Thursday, 7 March 2013

Boogie Woogie

Boogie Woogie

I don’t know art but I know what I like…

Duncan Ward’s scabrous satire Boogie Woogie turns a jaundiced eye on the London art scene.  With a cast to die for (everyone from Christopher Lee, Charlotte Rampling and Joanna Lumley to Alan Cumming, Heather Graham and American starlet Amanda Seyfried), Boogie Woogie’s densely layered narrative lays bare the vapid, superficial world of the YBAs, the Shoreditch wannabees and the Russian oligarchs who throw money at anything as long as they think it’s ART. 

Sleazy, amoral art dealer Art Spindle (Danny Huston. See what they did there…his name’s ART and he deals in ART) is desperate to get his paws on the genteelly impoverished Alfred Rhinegold’s (Christopher Lee) prized Piet Mondrian painting (the Boogie Woogie of the title). The only problem is the old boy doesn’t want to sell. Mrs Rhinegold (Joanna Lumley) however is tempted and a bidding war ensues bringing Art into conflict with rich collector Bob Macclestone (Stellan Skarsgård). Meanwhile, the rest of the cast flit about the London Art Scene in an Altmanesque fashion, screwing each other physically and metaphorically.

Unfortunately, like the world it portrays, Boogie Woogie is a little glib, a little soulless.  It’s entertaining but doesn’t linger long in the memory after the end credits and is content to take easy potshots at the usual suspects when it should have been mercilessly tearing the superficial scene a new hole.  Like much of the art on show, it’s all surface gloss and glitz, its hugely talented cast, for the most part, wasted in one-dimensional roles with all the subtlety of a Christmas panto in Woking.  In fact, I’d pay good money to see Alan Cumming play Mother Goose while Danny Huston’s scenery-chewing turn would make for a great Big Bad Wolf.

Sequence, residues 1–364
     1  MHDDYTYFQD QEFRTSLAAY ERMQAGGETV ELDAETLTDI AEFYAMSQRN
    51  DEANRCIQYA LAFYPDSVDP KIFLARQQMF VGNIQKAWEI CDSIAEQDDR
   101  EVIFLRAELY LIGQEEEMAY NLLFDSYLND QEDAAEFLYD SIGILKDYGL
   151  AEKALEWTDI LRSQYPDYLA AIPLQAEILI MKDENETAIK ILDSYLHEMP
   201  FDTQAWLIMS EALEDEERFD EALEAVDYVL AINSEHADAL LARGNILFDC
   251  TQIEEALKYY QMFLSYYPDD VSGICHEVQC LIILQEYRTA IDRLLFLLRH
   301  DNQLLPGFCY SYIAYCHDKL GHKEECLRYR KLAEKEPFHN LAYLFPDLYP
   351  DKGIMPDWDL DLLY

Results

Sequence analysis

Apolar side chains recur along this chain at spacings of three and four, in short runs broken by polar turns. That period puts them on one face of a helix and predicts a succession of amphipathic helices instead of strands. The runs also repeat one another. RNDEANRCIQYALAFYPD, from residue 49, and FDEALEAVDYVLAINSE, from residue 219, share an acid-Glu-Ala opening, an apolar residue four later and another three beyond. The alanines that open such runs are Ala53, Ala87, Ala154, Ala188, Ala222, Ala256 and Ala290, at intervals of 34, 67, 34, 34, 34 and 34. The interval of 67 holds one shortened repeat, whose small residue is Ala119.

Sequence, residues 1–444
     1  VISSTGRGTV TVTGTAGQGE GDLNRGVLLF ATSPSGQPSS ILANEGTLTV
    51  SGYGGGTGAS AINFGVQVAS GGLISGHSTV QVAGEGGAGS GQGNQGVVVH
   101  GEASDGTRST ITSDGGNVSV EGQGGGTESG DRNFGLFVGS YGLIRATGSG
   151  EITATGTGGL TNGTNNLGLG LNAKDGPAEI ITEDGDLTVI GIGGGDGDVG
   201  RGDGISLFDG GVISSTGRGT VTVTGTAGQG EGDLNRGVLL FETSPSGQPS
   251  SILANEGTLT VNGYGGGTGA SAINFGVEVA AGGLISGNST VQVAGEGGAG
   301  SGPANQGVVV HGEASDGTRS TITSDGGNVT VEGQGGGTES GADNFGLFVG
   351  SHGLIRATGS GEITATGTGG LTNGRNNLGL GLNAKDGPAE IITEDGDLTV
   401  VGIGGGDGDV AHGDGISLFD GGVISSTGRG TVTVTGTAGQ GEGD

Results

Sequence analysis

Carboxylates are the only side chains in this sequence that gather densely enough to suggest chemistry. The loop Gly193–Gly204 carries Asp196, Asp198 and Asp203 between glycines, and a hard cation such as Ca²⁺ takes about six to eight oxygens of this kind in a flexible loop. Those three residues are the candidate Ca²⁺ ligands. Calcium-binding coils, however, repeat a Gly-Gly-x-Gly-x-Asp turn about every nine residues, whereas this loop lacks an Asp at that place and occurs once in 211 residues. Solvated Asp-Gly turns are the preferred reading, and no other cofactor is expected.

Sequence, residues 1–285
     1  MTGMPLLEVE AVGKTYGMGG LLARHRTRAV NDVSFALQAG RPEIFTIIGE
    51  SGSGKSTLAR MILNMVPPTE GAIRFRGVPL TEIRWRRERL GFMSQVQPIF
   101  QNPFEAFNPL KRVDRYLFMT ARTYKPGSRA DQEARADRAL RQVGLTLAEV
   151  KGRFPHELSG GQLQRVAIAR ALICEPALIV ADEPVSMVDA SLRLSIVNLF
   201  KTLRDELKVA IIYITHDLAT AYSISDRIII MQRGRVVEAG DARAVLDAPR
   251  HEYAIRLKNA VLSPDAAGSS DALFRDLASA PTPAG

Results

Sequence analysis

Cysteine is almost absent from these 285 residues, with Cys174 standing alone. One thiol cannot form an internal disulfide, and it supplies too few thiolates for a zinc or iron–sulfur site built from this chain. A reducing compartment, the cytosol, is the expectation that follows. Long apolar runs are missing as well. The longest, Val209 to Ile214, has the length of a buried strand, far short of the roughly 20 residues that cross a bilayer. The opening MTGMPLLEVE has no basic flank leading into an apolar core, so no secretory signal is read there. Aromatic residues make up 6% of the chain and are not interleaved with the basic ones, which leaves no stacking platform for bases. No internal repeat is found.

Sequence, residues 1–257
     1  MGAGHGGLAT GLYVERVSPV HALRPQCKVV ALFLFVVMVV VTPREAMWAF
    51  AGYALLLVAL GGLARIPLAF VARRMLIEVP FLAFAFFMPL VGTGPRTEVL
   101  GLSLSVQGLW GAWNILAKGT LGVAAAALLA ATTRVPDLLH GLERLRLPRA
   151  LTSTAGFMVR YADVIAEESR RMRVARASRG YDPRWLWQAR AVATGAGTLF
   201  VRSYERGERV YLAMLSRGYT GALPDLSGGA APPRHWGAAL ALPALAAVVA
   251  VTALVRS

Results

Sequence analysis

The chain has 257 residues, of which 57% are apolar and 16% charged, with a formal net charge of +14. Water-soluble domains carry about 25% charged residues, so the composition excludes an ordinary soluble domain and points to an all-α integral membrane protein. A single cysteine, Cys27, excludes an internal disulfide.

Based on artist and screenwriter Danny Moynihan’s own book, Boogie Woogie never really feels like an insider’s view of the art scene and despite (or, perhaps, because of) Damien Hirst’s involvement as consultant and curator (much of the work on display is from his own extensive collection) the film never feels quite savage enough, almost as if no-one really wanted to offend the nice artists by being scathing or critical about them.

While the narrative thrust of the film concerns Huston’s Art and his attempts to acquire the titular painting, the black wizened heart of the film for me is Jaime Winstone’s cocky, Cockney lesbian video-artist Elaine (an obvious but likeably nasty nod to Tracy Emin), a sexual predator whose work consists of an ongoing video installation documenting her own salacious life in minute detail.  Spiky and ambitious, willing to betray anyone and anything to get to the top, Elaine’s membership form for the Groucho club is probably already in the post.

David Watson

Duncan Ward
Produced by
Danny Moynihan, Kami Naghdi, Christopher Simon, Cat Villiers
Danny Moynihan
Running time

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